D. H. Putnam1, E. S. Oplinger2, J. D. Doll2, and
E. M. Schulte2
1Center for Alternative Plant & Animal Products, Minnesota Extension
Service, University of Minnesota, St. Paul, MN 55108.
2Departments of Agronomy and Soil Science, College of Agricultural and
Life Sciences and Cooperative Extension Service, University of Wisconsin - Madison,
Amaranth, an ancient crop originating in the Americas, can be used as a high-protein
grain or as a leafy vegetable, and has potential as a forage crop. Grain amaranth
species have been important in different parts of the world and at different times
for several thousand years. The largest acreage grown was during the height of the
Aztec civilization in Mexico in the 1400's. The past two centuries grain amaranth
has been grown in scattered locations, including Mexico, Central America, India,
Nepal, China, and Eastern Africa. Research on amaranth by U.S. agronomists began
in the 1970's, so optimum production guidelines and uniform, adapted varieties have
not yet been fully developed.
A few thousand acres of amaranth are commercially grown in the United States, and
markets for that small acreage are fragile but developing each year. Acreage has
increased during the 1980s. Growers are advised to begin with a few acres, and to
have a contract or identify buyers before planting the crop.
A. Food Uses:
Grain amaranth has been used for food by humans in a number of ways. The most common
usage is to grind the grain into a flour for use in breads, noodles, pancakes, cereals,
granola, cookies, or other flour-based products. The grain can be popped like popcorn
or flaked like oatmeal. More than 40 products containing amaranth are currently
on the market in the U.S.A.
B. Nutritional Value:
One of the reasons there has been recent interest in amaranth is because of its
useful nutritional qualities. The grain has 12 to 17% protein, and is high in lysine,
an essential amino acid in which cereal crops are low. Amaranth grown at Arlington,
WI in 1978 had protein levels of 16.6 to 17.5%. The grain is high in fiber and low
in saturated fats, factors which contribute to its use by the health food market.
Recent studies have linked amaranth to reduction in cholesterol in laboratory animals.
C. Forage Uses:
Little is known about the production and utilization of amaranth as a forage. The
leaves, stem and head are high in protein (15-24% on a dry matter basis). A Minnesota
study (1 year) on amaranth forage indicated a yield potential of 4-5 tons/acre dry
matter, with crude protein of the whole plant at 19% (late vegetative stage) to
11-12% (maturity) on a dry basis. A relative of grain amaranth, redroot pigweed,
(Amaranthus retroflexus), has been shown to have 24% crude protein and 79%
in vitro digestible dry matter.
Pigweeds are known nitrate accumulators, and amaranth responds similarly. Vegetable
amaranths, which are closely related, produced 30 to 60 tons/a of silage (80 moisture)
on plots in Iowa. In areas where corn silage yields are low due to moisture limitations,
grain amaranth may become a suitable silage alternative after further research.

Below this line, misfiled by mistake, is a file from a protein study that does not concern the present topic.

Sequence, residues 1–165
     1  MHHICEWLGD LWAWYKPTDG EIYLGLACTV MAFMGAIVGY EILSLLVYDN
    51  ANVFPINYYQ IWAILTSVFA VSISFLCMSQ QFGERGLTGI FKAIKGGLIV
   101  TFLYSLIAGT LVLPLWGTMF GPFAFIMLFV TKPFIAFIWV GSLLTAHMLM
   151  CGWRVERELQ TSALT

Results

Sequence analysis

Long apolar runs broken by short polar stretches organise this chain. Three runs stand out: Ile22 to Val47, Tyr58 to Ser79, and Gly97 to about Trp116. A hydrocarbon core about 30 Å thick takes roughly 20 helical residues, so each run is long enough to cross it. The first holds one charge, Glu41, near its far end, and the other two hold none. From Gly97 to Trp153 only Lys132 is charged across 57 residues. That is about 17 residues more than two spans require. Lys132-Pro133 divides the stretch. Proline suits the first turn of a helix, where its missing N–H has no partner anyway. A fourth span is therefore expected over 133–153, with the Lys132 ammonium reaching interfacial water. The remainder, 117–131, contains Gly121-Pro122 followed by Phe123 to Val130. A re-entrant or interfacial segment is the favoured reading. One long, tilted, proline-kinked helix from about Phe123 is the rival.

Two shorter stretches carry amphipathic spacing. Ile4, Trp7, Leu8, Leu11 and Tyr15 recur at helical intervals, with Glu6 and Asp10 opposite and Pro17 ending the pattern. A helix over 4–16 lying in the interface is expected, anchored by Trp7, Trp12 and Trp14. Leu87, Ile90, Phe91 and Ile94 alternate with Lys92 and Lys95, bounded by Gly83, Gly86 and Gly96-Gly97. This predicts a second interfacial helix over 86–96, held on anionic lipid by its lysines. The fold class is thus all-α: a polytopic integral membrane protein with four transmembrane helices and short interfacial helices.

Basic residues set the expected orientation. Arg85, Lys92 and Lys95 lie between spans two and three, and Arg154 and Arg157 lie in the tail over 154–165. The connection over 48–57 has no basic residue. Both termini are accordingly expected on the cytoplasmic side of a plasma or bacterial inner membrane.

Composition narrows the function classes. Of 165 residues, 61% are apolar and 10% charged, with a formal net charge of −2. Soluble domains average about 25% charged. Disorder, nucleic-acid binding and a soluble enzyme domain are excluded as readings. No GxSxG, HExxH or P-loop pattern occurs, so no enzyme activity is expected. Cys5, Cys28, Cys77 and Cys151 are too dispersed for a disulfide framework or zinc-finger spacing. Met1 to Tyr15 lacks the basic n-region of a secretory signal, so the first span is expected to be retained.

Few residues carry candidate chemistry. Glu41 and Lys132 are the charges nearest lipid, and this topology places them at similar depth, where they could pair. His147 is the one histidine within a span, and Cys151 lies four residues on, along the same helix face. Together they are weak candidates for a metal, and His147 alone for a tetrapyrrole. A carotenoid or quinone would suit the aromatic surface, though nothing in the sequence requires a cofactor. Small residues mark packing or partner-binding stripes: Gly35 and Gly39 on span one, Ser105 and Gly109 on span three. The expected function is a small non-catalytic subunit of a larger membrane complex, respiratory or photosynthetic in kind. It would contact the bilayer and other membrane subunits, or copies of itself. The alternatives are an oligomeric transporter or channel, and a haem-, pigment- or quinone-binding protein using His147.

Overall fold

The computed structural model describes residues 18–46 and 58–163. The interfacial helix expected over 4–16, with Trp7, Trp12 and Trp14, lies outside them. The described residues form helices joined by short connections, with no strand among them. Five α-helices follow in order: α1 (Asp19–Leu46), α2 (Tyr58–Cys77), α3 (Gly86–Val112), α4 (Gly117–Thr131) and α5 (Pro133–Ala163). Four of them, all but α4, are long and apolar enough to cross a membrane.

III. Growth Habits:
The two species of grain amaranth commonly grown in the U.S. are Amaranthus cruentus
and Amaranthus hypochondriacus. Grain amaranths are related to redroot pigweed,
but are different species with different characteristics and have not become weeds
in fields where they have been grown. The grain amaranths have large colorful seed
heads and can produce over 1000 pounds of grain per acre in the upper Midwest, though
a portion of this grain yield may be lost in harvesting.
Grain amaranth plants are about five to seven feet tall when mature, and are dicots
(broadleaf) plants with thick, tough stems similar to sunflower. The tiny, lens-shaped
seeds are one millimeter in diameter and usually white to cream-colored, while the
seeds of the pigweed are dark-colored and lighter in weight.
IV. Environment Requirements:
is a widely adapted genus, and can be grown throughout the Midwestern
and Western U.S. Grain amaranth is reportedly drought-tolerant, similar to sorghum,
provided there is sufficient moisture to establish the crop. Amaranth responds well
to high sunlight and warm temperatures. Early season frost damage is not a problem
because the crop is not sown until late May or early June. However, frost plays
an important role in the harvest of the crop. Since amaranth is an annual crop native
to the southern latitudes of North America, it does not mature completely in the
upper Midwest's short growing season. A frost is usually necessary to kill the crop
so that the plant material will be dry enough to harvest.
V. Cultural Practices:
A. Seedbed Preparation:
Seeds are very small, so it is important to have a fine, firm seedbed. Seedbed preparation
can be done with a field cultivator or disk; followed by cultipacking or spiketooth
harrow and planting, preferably using a planter with press wheels. Seeds should
be planted no more than 1/2 inch deep, depending on soil texture and surface moisture
at planting time. Heavy textured soils should be avoided. If crusting is a problem,